Employee-Initiated Organization Development
Organization development and change doesn’t always start with formal organizational leaders. As part of a larger study, I looked at how organizational members can seek change by working together to bring policy changes in their organization. In the case study, I examined a nearly 20-year effort by employees in the University of Illinois System to attain domestic partner benefits.
Throughout the effort, the group of employees used different “social organizing strategies.” In other words, they brought people together using different organization methods differing goals, and differing motivations.
How They Organized:
For the groups involved in this effort, there were times in which they needed a formal organization and other times where it was better to operate in disparate, loosely-organized groups. In a long-term effort like this, they used various approaches. Both types of structures served them well and sometimes existed concurrently.
Seeking Different Goals:
Sometimes it was helpful for the group to focus on the needs of the LGBT community, while at others it was mutually helpful to seek changes that included broader concerns. For example, they sometimes worked with a union that sought better working conditions for a academic professional employees. At other times, they collaborated with groups seeking better policies for women employed at the university.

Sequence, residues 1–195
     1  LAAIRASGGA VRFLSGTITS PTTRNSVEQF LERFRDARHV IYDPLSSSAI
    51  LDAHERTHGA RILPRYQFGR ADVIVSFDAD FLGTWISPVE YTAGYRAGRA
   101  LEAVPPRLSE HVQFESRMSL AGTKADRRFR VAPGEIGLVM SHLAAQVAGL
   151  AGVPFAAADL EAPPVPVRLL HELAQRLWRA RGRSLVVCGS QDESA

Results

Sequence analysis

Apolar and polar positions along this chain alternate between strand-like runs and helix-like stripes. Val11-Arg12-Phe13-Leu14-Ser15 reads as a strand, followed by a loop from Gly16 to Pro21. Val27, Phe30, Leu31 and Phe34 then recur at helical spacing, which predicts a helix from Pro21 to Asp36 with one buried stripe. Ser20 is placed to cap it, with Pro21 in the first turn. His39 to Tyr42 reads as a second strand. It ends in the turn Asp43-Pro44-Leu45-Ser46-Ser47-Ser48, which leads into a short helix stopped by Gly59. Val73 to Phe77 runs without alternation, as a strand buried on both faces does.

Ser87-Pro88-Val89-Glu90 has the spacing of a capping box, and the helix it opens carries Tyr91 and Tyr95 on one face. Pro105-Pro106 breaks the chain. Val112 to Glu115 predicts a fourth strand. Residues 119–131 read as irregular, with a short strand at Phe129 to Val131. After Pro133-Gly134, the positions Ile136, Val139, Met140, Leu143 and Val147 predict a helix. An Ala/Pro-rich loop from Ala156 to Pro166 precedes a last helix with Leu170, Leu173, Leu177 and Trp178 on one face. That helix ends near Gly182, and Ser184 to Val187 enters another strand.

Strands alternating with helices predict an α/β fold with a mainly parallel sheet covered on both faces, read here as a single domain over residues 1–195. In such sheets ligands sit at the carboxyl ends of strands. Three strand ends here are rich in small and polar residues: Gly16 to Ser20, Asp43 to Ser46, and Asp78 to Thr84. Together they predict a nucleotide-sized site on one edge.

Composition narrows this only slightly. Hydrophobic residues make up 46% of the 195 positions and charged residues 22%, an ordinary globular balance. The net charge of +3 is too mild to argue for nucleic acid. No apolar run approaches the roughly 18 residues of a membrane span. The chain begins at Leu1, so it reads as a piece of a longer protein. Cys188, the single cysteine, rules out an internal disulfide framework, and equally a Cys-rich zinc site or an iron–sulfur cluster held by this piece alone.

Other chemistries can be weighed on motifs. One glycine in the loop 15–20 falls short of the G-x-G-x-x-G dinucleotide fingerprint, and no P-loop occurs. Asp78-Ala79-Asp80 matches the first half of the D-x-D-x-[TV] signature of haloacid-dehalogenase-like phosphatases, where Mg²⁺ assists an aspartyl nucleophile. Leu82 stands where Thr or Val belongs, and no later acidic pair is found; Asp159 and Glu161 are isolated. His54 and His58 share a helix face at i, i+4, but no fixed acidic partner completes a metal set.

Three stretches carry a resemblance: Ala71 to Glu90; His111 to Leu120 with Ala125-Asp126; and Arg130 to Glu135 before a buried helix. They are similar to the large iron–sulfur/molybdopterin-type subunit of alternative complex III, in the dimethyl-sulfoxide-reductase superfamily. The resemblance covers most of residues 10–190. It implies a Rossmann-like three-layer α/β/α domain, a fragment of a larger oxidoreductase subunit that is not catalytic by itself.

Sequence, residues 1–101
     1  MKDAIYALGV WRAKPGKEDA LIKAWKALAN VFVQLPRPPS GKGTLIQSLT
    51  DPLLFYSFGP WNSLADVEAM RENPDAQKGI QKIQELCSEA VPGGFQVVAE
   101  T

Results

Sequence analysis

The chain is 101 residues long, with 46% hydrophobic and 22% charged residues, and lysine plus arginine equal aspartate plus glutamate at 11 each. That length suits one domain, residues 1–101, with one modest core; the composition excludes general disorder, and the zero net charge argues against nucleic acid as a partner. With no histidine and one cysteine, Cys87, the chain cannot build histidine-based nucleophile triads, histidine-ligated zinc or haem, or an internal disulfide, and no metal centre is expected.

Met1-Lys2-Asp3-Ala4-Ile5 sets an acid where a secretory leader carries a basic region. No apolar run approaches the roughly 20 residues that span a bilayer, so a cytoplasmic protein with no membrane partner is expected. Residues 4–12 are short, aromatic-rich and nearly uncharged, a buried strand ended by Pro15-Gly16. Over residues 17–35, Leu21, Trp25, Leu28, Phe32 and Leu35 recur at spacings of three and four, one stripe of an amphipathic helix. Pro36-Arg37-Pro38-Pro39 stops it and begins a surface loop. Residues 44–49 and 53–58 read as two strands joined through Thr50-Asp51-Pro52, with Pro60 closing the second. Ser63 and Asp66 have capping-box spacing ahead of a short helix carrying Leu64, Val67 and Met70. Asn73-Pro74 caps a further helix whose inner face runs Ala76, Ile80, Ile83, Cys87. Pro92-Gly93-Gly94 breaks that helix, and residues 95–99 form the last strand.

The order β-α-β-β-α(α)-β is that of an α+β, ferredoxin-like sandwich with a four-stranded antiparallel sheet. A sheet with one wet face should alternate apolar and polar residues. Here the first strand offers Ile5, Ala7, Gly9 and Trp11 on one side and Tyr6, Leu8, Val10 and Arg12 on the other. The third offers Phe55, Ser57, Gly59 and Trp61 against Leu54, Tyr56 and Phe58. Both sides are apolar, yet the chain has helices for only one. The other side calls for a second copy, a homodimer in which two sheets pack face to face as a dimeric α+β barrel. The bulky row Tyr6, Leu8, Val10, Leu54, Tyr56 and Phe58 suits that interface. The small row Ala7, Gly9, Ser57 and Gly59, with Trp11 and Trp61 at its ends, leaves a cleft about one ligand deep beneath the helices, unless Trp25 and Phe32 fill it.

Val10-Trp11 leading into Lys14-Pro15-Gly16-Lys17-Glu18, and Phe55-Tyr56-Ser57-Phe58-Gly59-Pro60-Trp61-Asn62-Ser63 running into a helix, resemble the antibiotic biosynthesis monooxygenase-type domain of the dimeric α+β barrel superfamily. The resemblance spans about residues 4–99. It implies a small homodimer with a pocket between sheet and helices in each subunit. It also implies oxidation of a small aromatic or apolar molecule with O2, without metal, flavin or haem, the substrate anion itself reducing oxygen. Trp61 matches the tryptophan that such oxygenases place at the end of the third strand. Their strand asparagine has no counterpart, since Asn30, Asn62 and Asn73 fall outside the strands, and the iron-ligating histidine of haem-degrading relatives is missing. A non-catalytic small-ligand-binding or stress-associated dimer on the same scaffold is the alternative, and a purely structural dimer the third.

Utilizing Different Motivations:
Those seeking these changes provided a heavy emphasis on explaining and justifying how these changes would make the university more competitive in recruitment, retention, and morale of employees. This argument was used heavily with decision makers.
However, at other times, the idea of seeking social justice and social change was emphasized. This set of goals was used to motivate and persuade both like-minded activists and to get the attention of decision makers. In fact, the key member of the Board of Trustees who helped this proposal to pass the as motivated on his concerns about inequity. So, seeking and articulating various goals was productive in helping the group to meet its goals.
The group was forced to navigate these differing structures, goals, and motivations. The process was tumultuous among the group. People differed greatly on what was best. But, in the end, the result was that a flexible approach produced a generally successful effort.
The full-length version of this study was published in Human Resource Development Quarterly. The PDF is available by clicking here.
Rod specializes in innovation, design, and strategy through his consulting work and as a professor at University of the Pacific. He helps leaders get results through using innovation and creativity processes, strategy development and strategic planning, group facilitation and action planning, and program and initiative development. More…